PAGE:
I think they are largely in four broad buckets. I stress one, non-financial upfront because, we have a long way to go on safety. And creating a culture of safety and we're already protecting our employees and their families. And there is a lot of stuff we need to do around that.

The second one is, and I hate to use this word excellence all the time, but commercial excellence and operational excellence. Commercially, I do for a lack of a scientific term smell a lot of opportunities, for us both strategically and tactically, to sell on value and not other ways of selling.

So I think, there is a big opportunity there. And what we've shown is, with some -- appointment of some very solid operational guys, just how much operational improvement there potentially is. I'd like to call out just two examples, where we've already gone -- have gone deep.

I said in the prepared remarks, where we have gone deep. We've seen some pretty impressive results. We've spent a lot of time with one of our largest pipelines up in Stacy, Minnesota.

And there is, two really positive examples on two different parts of that operation. In one part of the operation in the month of June, after spending a few months there and really getting the frontline guys involved in the lean processes.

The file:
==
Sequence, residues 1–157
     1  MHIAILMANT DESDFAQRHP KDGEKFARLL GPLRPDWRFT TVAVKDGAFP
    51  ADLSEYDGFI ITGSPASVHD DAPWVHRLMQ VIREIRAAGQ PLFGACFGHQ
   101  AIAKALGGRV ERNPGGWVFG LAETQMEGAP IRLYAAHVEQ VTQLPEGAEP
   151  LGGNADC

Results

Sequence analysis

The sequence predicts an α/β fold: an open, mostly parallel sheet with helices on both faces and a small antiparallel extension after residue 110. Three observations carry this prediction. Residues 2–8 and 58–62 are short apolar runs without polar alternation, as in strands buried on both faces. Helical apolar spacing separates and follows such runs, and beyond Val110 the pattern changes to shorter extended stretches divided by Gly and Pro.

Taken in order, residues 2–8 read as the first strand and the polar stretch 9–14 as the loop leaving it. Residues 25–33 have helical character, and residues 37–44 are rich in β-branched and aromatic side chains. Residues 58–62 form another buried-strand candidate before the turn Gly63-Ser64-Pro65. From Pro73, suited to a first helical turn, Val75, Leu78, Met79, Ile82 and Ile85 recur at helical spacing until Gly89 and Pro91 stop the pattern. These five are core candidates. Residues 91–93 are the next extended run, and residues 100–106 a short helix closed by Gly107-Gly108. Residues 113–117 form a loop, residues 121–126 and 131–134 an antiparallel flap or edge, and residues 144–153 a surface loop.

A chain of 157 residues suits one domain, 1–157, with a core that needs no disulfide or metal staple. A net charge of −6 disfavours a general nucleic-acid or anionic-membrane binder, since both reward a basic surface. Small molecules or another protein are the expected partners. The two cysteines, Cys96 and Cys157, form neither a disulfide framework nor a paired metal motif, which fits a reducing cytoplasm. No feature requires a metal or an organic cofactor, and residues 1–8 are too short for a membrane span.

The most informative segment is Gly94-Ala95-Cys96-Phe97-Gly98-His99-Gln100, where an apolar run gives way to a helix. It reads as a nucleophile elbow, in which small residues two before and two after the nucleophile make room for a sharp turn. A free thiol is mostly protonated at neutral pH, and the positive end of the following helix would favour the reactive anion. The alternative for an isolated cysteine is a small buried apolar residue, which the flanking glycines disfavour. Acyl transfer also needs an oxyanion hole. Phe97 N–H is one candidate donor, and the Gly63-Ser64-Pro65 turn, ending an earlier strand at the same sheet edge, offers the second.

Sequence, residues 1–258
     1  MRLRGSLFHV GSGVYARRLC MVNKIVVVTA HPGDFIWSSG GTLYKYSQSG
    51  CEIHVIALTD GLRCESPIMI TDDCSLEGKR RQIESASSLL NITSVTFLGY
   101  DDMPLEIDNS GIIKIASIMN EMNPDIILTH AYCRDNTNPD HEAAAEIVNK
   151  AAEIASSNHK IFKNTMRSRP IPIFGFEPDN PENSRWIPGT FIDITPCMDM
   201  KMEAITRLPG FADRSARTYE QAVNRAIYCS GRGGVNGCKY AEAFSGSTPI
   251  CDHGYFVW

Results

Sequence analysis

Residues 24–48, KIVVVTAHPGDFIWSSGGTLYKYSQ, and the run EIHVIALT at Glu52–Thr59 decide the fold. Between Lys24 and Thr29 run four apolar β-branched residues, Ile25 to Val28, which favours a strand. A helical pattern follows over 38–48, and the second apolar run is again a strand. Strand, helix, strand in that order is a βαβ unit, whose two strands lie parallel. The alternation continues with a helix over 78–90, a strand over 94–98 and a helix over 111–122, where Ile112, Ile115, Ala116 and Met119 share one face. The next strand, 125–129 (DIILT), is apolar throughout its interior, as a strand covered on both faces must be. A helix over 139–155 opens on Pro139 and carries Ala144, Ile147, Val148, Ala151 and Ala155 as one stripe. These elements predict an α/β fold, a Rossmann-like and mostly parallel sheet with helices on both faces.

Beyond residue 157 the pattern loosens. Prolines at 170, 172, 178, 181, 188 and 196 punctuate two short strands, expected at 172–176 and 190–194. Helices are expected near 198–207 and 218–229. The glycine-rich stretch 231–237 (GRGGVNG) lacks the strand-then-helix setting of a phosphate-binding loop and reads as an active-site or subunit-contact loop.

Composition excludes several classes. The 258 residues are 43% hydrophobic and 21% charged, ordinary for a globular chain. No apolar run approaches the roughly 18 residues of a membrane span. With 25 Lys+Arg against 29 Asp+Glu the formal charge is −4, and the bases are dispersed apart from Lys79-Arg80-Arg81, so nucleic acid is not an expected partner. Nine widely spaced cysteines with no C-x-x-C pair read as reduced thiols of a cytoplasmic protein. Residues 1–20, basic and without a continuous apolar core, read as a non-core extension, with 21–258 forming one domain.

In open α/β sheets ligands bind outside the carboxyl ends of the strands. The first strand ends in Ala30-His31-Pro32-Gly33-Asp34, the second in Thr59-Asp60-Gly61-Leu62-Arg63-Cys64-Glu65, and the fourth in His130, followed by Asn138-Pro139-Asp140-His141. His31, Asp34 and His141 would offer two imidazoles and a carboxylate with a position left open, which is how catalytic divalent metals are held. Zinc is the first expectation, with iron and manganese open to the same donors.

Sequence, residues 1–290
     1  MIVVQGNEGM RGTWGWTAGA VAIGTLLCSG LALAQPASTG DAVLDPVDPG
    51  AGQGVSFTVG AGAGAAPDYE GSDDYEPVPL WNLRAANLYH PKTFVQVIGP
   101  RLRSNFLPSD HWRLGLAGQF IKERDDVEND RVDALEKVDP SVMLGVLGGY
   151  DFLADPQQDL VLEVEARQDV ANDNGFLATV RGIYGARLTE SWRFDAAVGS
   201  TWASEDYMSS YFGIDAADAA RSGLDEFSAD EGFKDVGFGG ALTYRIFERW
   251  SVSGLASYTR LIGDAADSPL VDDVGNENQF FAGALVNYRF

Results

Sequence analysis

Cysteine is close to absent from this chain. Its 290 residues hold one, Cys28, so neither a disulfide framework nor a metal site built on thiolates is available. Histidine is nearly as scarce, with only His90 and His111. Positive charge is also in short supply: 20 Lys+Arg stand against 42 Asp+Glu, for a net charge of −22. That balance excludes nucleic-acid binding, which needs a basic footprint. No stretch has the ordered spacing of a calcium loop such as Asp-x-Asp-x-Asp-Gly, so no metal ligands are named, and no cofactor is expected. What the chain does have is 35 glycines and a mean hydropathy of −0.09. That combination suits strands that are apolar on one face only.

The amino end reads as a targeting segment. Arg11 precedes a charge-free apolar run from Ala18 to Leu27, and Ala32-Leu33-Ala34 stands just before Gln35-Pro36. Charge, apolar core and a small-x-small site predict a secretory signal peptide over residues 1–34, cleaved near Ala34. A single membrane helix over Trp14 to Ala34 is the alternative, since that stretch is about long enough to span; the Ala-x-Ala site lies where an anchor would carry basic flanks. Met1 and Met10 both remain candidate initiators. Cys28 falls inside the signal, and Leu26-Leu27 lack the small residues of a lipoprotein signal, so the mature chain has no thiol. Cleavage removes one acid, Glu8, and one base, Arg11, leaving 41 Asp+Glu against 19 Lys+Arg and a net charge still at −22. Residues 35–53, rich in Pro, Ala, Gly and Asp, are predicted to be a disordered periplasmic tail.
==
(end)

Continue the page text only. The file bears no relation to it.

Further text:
We actually produced 47 more pieces with, 12% less hours on one machine. In another machine we produced 16 more pieces with 16% less hours. Now, I don't know if that is, linearly scalable to the whole organization.

But it's just to show an example of what was we thought a well-run plant, with great people, just how much improvement can actually come out of these operations if we focus.

And the fourth thing is, the cash generation. We have the ability to use less cash in this business, to produce the same amount of output, through managing our cash cycle a little bit tighter than what we have. So those are the four big things.

Mike Dahl

Okay. Thanks. And then second question, just back on the results and the guide. And maybe Charlie you can answer this one. But just thinking through some of the puts and takes around, margins. Nice results here.